The game's control scheme is very straight forward much like the original Resident Evil games. Your left and right controls make you turn, up makes you walk forward and down makes you walk backwards. You can only interact with certain objects and, since all the backgrounds are pre-rendered (AM I USING THIS WORD IN THE CORRECT CONTEXT NOW, SKILLS? YOU FUCK.) it's fairly easy to discern objects you can interact with from the backgrounds due to the game's rather sharp polygonal edges. The graphics haven't aged incredibly well but it's not necessary to have a high polish when the central character is, as he describes himself, "frayed around the edges and I've got fewer suits".
Thanks for the reminder, chumps.
Gameplay-wise, the vast majority of your time is spent collecting seemingly-random gadgets and items which are used in conjunction with each other to solve rather simple but cleverly-designed puzzles. For example, in order to figure out why Domino is always getting all the good work orders in the first ac, Manny investigates the mysterious pneumatic tube system that feeds into Dom's office but, in order to jam the system, he must find several pieces (balloons, expandable foam, fool a groundskeeper into opening a door and leaving it unlocked, etc) and mix them together in the building's basement to jam the tubes. Every puzzle in the game is pretty much a variant of this core system but, given the backdrop, the stories given to every character and the attention paid to even the most minute of details, this insultingly-simple gameplay device becomes an enjoyable experience that replicates itself in the game time after time without you ever feeling like you are repeating any of your actions and it gets you one step closer to Meche.
The game's atmosphere is very distinct amalgamation of film noir-ish atmosphere & Mexican folklore. Everyone smokes, everyone drinks scotch and everyone speaks "Spanglish". There are very sharply-designed art-deco interiors and equally stunning Mayan pyramids to perfectly bookend both genres which the game seems to lovingly caress so finely. While casinos house souls from all walks of... uh... death trying to wrangle together enough scratch to buy their ticket to the Edge of the World, a traditional Day of the Dead Festival rages on in the streets of New Marrow complete with traditional mariachi music and piñatas. However, that's only beginning to scratch the surface of the entire feel of the game. As souls in the land of the dead, everyone is portrayed as a traditional Mexican "calaca" figure. These figures are quite common in Mexico during "Dia de los Muertos" (Day of the Dead) celebrations and are used to symbolize life within death. The very Mexican folklore permeates every aspect of the atmosphere as well: Each of the game's four acts takes place one year apart on November 2nd (Mexico's Day of the Dead), flowers are used to symbolize the absolute end of life, piñatas and mariachis always accompany the celebration perfectly keeping beat and the Edge of the World is, well, a Mayan temple in which the gatekeeper is a calaca with a Mayan headdress.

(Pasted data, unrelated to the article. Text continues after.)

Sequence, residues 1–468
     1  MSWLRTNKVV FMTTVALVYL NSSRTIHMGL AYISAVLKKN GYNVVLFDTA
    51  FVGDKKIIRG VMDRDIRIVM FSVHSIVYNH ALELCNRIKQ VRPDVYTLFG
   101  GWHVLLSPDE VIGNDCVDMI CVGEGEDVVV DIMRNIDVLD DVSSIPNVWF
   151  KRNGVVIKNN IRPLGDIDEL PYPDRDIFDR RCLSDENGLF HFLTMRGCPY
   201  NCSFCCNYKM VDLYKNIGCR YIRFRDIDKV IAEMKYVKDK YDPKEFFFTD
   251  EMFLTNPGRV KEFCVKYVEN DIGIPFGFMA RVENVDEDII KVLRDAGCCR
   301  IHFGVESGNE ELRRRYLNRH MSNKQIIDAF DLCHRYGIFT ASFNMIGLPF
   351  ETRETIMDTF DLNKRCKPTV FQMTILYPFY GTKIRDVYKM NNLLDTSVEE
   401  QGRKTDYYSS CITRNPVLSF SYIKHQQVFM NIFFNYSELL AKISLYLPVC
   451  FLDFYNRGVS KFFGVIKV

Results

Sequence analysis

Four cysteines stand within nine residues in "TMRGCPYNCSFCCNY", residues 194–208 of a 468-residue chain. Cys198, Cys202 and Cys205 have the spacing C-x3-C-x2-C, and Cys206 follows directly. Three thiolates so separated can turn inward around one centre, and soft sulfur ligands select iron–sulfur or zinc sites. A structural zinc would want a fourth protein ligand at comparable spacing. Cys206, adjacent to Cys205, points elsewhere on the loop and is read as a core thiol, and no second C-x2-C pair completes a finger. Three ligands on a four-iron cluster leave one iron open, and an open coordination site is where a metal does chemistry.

I'll admit that we Mexicans have a rather unhealthy obsession with the dead but, ¡ay caramba!, we sure know how to make it colorful!
The one thing that truly ties this game together is its amazing soundtrack. True to the game's mashup spirit, the soundtrack is comprised by a beautifully orchestrated jazz/folkloric & mariachi score composed by long-time Schafer collaborator Peter McConnell. Where the sprawling art-deco cityscapes, smoky casino bars and slam poetry dives are aptly given a jazzy score, the more traditionally cultural settings are given their own folkloric Mexican music. Never does the soundtrack feel out of place nor does it ever overstep its role in the game. Once sold as a CD soundtrack, it is now out of print and was titled Grim Fandango: Big Band Bebop and Bones. You can find the soundtrack on fan-run site GrimFandango.net, albeit at a relatively low quality.
Banister slides and piano riffs make EVERY bar scene better.
All in all, Grim Fandango strikes a perfect balance between a macabre subject matter, a colorful and artsy atmosphere that's a pitch-perfect mix of two seemingly-juxtaposed genres and a written script that has more wit in its first few exchanges than most modern movies pack in their entire running times. The gameplay is simple, yet, easy to understand and is constantly woven expertly into the story. For those of you who have never had the pleasure of playing this game, do yourself a favor and rob, steal or kidnap your neighbor's kid for ransom in order to buy this game. I can't count the number of times I have played and beat this game and it still feels fresh and timeless. It just goes to show that, under brilliant creative direction and clever story writing an ordinary game that takes place among the dead is anything but.